Dorothy is so wonderfully eccentric. I really hope someone turns your book into a TV series because I would love to see Dorothy brought to life on screen. What she inspired by anyone you’ve met?
No, I’ve never known anyone like her. Although one of my old bosses, he was a barrister, and he was quite eccentric. There’s little bits of everyone that I’ve ever met who has ever been eccentric. I had in my head someone like Sharon Stone who was glamorous but you can’t tell what’s going on. It was so fun to write. Also, if I was ever living in a big house as an author, had no responsibilities and swanning about – (I’d) not drink so much maybe – have an assistant… it’s a caricature of what some people think writers are like.
Gordon very much forms a stereotype of Dorothy by spying on her and watching her raucous parties. She’s just such an intriguing character…
Yes, that’s right. You’ve got the reader’s point of view and Gordon’s point of view of Dorothy, but you don’t really have Dorothy’s point of view in the book. She is a character that is watched a lot. Everyone’s got an opinion about her. It was really good fun to write her.
I don’t want to give anything away about how the book ends but I do want to ask if you’d consider exploring any of the characters we meet in further books?
I can’t say (much) but a path of destruction maybe? (laughs) That would be interesting. I haven’t yet written a sequel to any of my books yet.
When did you make the decision to start writing books and pursue it as a more serious career path?
Back in 2008, I finished an English degree. That was when I had my eldest son so I was working part-time and studying as well. When I had my second son, it was that maternity leave where everything is just quiet and you’re away from the world. I started writing my first ever novel in 2012. I really enjoyed that. It was a bit of a slog but just to finish something was amazing. I worked on that for two years and sent it out to agents, about 70 and got complete rejections (laughs). Then I wrote another three before I wrote ’99 Red Balloons’ and that got me five offers of representation. It was a slog but with every book, I learned. You learn on the go. I got there in the end!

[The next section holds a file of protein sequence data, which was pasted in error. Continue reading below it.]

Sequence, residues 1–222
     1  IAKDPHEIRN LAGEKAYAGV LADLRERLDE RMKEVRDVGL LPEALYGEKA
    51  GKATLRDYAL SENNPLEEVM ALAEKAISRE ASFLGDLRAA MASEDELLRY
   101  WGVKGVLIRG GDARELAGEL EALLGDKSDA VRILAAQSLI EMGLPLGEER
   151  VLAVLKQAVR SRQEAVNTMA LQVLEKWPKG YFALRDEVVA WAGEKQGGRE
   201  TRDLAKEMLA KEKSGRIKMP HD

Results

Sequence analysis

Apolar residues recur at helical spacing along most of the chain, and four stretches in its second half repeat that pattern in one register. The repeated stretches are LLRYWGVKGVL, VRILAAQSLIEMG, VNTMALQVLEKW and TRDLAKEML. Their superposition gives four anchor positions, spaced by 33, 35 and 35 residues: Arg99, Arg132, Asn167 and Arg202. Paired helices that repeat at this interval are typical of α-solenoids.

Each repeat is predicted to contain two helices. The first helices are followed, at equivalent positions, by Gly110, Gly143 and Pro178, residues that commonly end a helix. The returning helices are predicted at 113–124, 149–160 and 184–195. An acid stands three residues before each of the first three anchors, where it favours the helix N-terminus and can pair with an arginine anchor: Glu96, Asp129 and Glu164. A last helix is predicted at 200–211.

‘The Vacancy’ is a good mix of drama, thriller and I’d say a little bit of horror. Have those genres always appealed to you?
Yeah, actually I’ve started getting into horror movies as well. Horror movies used to be quite slasher in the 80s but now they’re more psychologically driven. There is a a fine line between horror and thrillers. I wanted to have supernatural elements suggested in there to add a bit of creepiness, because I love things. I love ghost stories and horrors. I think it makes it a bit more interesting and you think, ‘where will it go next?’ I don’t think thrillers are as prescriptive as they used to be, especially when you go down a psychological route. You can have a lot more elements and pinch different things from different genres to include in the story.
What do you have coming up next?
I’m working on some opening chapters at the moment. That’s got more of a serial killer vibe. Another project on the side is based in the 1980s in a small northern town. It’s a bit of a supernatural story, where a group of villagers see a glowing light in a field and some people think it’s religious, other people think it’s aliens. Of course, in the 80s you’ve got no internet. It causes a sensation. I’m working on that aside from the thrillers.
Elisabeth Carpenter’s ‘The Vacancy’ is available now via Orion Books. You can pick up a copy at Amazon.co.uk.